Exploring the Ollantaytambo ruins at the far end of the Sacred Valley of the Incas
Close before Machu Picchu, at the far end of the Sacred Valley of the Incas hides a precious gem only a few tourists to Peru have on their radar: Ollantaytambo. The ancient Inca fortress was built around the middle of the 15th century and is the second most well-preserved ruin in Peru.
For me, the ruins are the best alternative to Machu Picchu. Hold on: you really should try to see Machu Picchu (make sure to read my guide). But sometimes money or ticket vacancies won’t permit it, and the Ollantaytambo ruins are just as beautiful and so much easier to visit! That being said, I do recommend to visit both?
Quick facts about Ollantaytambo
- Opening hours: 7 am to 6 pm (all year)
- Entry price: 130 Soles (Boleto turistico for several Inca sites)
- Altitude: 2,792 m (9,160 ft)
- Distance to Cusco: 70 kilometers
- Distance to Machu Picchu: 30 kilometers
Things to do in Ollantaytambo – a visual walking tour
Ollantaytambo is separated into 4 distinct areas: The ancient town, the temple hill, the ceremonial area and the agricultural sector. While there are yet other things to do in Ollantaytambo, the Inca ruins really are the reason you should visit. You will probably need almost a full day to tour to see it all. Decide for yourself what you want to see and what to skip if you are short on time. Do consider, though, that with an altitude of 2,792 meters you will have to take things a bit slower than usual.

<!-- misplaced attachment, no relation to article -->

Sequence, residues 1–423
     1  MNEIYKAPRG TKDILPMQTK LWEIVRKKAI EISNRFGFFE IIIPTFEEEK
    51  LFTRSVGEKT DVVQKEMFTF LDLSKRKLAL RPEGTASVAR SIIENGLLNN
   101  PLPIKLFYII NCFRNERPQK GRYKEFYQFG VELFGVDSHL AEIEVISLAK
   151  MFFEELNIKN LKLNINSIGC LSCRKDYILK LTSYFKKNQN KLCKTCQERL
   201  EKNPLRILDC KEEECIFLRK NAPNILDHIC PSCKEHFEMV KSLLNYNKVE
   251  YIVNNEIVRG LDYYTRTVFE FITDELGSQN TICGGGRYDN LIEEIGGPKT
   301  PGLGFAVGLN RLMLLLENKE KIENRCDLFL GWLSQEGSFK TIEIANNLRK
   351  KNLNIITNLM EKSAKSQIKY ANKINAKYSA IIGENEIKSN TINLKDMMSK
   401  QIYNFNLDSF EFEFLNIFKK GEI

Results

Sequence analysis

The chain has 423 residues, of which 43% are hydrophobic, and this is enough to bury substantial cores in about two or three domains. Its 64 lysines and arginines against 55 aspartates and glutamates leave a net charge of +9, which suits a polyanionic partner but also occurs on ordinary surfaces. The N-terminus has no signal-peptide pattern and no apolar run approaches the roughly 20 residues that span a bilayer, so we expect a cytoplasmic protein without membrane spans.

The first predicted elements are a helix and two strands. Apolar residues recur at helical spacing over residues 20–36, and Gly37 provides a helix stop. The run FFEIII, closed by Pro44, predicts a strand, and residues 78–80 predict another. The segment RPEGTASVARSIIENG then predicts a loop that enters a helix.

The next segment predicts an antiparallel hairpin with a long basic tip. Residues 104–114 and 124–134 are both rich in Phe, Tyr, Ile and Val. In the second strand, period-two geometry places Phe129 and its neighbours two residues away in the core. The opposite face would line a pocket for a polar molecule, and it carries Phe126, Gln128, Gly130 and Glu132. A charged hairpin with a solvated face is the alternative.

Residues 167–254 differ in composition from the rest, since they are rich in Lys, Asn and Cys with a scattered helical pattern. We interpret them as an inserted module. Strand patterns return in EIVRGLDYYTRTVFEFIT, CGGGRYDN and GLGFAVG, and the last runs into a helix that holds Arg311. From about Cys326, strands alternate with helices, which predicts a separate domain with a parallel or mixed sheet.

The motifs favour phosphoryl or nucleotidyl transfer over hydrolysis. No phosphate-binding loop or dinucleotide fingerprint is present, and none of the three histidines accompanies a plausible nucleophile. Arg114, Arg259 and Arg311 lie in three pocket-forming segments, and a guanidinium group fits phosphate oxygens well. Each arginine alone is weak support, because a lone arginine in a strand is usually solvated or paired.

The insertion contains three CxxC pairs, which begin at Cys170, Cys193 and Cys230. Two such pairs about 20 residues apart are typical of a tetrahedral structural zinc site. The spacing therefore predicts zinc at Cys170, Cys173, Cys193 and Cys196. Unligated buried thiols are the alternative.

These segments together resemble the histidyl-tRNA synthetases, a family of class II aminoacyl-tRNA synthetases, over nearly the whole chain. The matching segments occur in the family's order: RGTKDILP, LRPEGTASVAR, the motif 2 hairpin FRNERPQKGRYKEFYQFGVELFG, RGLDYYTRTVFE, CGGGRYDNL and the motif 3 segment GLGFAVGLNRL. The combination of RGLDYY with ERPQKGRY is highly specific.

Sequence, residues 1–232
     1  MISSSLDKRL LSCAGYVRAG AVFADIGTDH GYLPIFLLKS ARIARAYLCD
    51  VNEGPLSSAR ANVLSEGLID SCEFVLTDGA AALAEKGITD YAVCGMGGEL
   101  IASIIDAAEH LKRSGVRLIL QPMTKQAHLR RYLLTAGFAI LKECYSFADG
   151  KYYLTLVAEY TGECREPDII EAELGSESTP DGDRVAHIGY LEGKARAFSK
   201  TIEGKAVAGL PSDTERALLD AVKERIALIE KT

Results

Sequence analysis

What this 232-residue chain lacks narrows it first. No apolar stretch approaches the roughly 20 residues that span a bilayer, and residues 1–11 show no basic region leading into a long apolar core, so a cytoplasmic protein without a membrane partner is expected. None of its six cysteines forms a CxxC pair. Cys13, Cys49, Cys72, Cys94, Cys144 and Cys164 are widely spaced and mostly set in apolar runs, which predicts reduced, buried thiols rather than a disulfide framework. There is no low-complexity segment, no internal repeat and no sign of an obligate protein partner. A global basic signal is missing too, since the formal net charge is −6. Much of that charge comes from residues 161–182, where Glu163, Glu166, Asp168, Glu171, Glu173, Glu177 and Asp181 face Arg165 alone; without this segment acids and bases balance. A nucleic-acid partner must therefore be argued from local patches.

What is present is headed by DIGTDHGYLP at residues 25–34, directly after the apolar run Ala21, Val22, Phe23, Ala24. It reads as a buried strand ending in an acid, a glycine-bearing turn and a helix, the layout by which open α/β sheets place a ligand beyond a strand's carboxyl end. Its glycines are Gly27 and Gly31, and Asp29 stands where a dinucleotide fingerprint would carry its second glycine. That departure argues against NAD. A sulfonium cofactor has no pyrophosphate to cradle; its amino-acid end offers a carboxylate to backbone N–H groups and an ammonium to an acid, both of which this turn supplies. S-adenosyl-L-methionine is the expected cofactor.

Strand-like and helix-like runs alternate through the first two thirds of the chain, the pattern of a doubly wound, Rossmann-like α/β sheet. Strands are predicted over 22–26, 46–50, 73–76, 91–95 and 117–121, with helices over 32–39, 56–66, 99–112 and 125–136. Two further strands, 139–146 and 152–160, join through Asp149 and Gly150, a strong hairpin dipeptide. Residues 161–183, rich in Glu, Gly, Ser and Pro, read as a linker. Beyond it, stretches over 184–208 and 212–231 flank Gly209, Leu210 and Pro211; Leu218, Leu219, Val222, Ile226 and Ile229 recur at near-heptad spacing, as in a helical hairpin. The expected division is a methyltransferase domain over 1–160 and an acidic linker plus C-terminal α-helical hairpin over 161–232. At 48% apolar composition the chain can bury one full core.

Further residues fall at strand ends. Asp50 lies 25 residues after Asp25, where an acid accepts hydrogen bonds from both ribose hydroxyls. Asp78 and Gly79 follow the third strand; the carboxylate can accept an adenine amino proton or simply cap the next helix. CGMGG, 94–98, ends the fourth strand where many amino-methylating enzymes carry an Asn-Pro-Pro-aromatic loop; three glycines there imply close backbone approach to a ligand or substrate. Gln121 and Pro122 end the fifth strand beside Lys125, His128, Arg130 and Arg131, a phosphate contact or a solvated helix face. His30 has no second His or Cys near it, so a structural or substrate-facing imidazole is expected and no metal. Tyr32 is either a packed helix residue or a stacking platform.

The temple hill & fortress of Ollantaytambo (Cerro Bandolista)
The most prominent feature in Ollantaytambo is certainly the temple hill. It is said, the hill was built in the shape of a lama – at least you will hear this tale from probably every local guide. If you take a close look at Ollantaytambo from the opposite mountain, it is actually possible to see the lama quite clearly: Head, four legs, and a little tail. Okay, with a lot of fantasy 😉